Survey reports 2.9% average increase in physician compensation for 2017

By John J. Murphy, MDLinx
Published August 4, 2017

Key Takeaways

More than three out of four physician specialties had an average increase of 2.9% in median compensation from 2016 to 2017, according to a new survey conducted by AMGA Consulting, a health care consulting firm in Alexandria, VA.

Compare this 2.9% increase with the rise in the cost of living in the United States (represented by the Consumer Price Index) which grew only 1.2% from July 2016 to June 2017, the Bureau of Labor Statistics reported.

The AMGA 2017 Medical Group Compensation and Productivity Survey included responses from 269 medical groups, representing 102,261 providers. Results of the survey showed that primary care physicians, medical specialists, and surgical specialists each had overall increases in median compensation, although some increases were historically better than others.

Specialties with the largest increases in median compensation included Ophthalmology (7.7%), Cardiac/Thoracic Surgery (7%), Hematology and Medical Oncology (6.7%), Allergy/Immunology (5.9%), Pulmonary Disease (5.6%), and Dermatology (5.2%).

The compensation survey also reported on physicians' productivity, as measured by work relative value units (RVUs). From 2016 to 2017, the weighted average increase in median work RVUs was 1.54% for all providers.

Highlights of the survey's findings:

  • 77% of specialties had an average increase of 2.9% in median compensation in 2017 (comparable to a 3.1% increase in 2015).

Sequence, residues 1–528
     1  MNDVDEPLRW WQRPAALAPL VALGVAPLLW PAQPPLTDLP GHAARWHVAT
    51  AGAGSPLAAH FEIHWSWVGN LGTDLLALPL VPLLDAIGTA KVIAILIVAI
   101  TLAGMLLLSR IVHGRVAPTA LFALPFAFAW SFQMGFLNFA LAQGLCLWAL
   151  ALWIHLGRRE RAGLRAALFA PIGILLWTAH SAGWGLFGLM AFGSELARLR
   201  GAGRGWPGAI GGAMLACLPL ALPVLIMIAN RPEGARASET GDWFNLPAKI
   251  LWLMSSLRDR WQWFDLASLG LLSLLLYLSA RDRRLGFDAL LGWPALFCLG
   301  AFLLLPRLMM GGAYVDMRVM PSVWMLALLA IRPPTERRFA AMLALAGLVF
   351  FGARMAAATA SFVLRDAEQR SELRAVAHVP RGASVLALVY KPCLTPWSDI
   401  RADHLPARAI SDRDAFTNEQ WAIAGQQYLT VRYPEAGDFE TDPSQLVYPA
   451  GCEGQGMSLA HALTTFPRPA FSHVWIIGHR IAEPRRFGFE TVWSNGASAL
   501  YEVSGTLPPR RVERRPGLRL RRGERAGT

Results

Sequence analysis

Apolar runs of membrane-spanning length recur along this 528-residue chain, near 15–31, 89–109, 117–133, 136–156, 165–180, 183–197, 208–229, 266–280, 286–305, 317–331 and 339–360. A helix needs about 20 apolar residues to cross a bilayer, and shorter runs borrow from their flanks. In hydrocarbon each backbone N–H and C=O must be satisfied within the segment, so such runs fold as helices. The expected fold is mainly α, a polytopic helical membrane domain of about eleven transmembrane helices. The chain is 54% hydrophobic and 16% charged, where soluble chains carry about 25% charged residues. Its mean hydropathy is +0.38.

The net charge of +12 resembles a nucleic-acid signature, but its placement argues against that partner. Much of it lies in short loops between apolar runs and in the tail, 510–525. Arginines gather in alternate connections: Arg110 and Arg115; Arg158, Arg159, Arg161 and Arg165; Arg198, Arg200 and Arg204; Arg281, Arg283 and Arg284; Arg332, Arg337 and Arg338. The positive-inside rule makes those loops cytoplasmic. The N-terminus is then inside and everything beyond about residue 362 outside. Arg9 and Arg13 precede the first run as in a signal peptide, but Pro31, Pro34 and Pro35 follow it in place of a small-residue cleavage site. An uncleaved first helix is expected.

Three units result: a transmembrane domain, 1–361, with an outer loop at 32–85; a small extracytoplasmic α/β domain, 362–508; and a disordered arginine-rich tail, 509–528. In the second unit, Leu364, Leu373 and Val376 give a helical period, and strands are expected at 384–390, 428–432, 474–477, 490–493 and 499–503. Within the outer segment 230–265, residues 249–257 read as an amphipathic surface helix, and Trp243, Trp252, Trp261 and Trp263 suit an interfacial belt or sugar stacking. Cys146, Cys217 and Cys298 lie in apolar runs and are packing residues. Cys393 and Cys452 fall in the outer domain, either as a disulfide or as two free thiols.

• Two-thirds of specialties had an average increase of more than 1.5% in median work RVUs.
  • Primary care specialists gained an average increase of 3.2% in median compensation in 2017. Median work RVUs for primary care physicians increased 1.3% from 2016.
  • Surgical specialties averaged a 2% increase in compensation (down from a 3.6% increase in 2015). Median work RVUs for surgical specialties inched up 1%.
  • Other medical specialties saw an average compensation increase 2.8% (akin to a 3% rise in 2015) and an average increase in work RVUs of 1.1%.
  • Physicians in the Western US have the highest median compensation values by specialty, while those in the East tend to have the lowest. However, the East had the highest average percent change—6.2%—in compensation values from 2016 to 2017.
  • In academic groups, median compensation was 9.7% lower, and median work RVUs were 7% lower, than in non-academic groups.

Slightly more than half—51%—of specialties experienced a decrease in median net collections from 2016 to 2017. For all specialties, median net collections increased 1.14% (weighted average).

"We are seeing signs of a perfect storm gathering as costs continue to rise, productivity is flat, and collections are flat, with 51% of specialties this year reporting a decrease in median net collections," said Tom Dobosenski, CPA, President of AMGA Consulting. "These trends are driving enhanced efficiency and consolidation, but the cost curve will only bend so much."

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